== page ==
Here’s the WP 6-step, which will help protect your WordPress site against attacks:

1) If you have a username “admin” on your site, create another administrator user with a different name, log in as that user, and delete “admin”. If you don’t have a user named “admin”, they will just waste their time attacking your site.

Don’t stop there though!

2) Beef-up your passwords. While standard practice is to use an 8-digit password with a mix of lowercase and uppercase letters, numbers, and symbols, there’s a better way. Create a password from a story. Something memorable to you. Something people can’t easily find out without knowing you personally.

As an example: My band and I played a show in Johnson City, TN at a coffee shop and while we played one song, this guy gets up and starts dancing. He was probably in his late 50′s and he’s doing this wiggly, hippie dancing literally feet from us. We were trying not to die laughing while finishing the song. After the show, we discovered the coffee shop owner also owned the laundromat next door and had to go fix a washer. Did I mention it took an hour longer than normal to get there because a bunch of big rigs crashed on the same stretch of highway?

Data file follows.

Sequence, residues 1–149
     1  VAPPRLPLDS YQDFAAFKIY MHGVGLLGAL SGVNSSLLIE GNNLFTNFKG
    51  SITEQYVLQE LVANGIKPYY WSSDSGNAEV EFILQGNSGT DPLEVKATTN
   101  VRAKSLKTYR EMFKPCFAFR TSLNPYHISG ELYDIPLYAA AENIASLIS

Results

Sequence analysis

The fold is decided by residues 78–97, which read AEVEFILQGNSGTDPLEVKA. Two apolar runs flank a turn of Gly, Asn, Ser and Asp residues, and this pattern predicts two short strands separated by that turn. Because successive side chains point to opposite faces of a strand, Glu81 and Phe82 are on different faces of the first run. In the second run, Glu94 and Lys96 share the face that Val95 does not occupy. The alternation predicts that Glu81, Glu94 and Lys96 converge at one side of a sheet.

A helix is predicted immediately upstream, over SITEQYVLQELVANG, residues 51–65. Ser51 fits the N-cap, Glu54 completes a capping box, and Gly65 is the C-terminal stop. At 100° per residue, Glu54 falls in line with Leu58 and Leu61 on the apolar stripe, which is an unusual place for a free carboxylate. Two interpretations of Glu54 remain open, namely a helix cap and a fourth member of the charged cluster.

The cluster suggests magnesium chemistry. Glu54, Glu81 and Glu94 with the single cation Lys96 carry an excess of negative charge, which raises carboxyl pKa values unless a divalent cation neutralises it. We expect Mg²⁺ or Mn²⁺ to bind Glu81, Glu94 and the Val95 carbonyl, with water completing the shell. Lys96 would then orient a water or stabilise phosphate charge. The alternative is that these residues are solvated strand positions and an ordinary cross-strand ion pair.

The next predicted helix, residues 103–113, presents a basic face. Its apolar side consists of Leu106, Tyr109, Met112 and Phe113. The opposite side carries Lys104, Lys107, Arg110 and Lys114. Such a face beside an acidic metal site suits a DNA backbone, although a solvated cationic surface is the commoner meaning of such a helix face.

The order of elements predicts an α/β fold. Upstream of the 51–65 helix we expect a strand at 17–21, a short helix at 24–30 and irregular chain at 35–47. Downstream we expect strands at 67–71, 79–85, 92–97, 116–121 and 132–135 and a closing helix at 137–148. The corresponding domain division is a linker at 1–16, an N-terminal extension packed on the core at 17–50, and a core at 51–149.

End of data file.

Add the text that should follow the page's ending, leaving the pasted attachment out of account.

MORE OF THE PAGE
Some passwords one could glean from this story: DanceWasherBigRigCoffee, CoffeeWasherJohnsonLaundry, HighwayCoffeeDanceHippie, etc. See how easy that is? You could then throw in the year and an exclamation point, just to have all the traditional password requirements too. Attackers wouldn’t know the story and the length of the password is over 15 digits, making it’s basically impossible to figure out using a brute-force attack.

3) Limit login attempts. Part of this current attack is trying different passwords over and over again until they get it correct. While its silly WordPress allows this, you don’t have to. There are several great security plugins that allow you to limit login attempts before locking that IP address out of your WordPress site:

  • Better WP Security
  • WordFence
  • Limit Login Attempts

I’m sure there are more, but those are three I have experience with. Each have their upsides and shortcomings, but anything you can do to thwart an attacker is a good thing.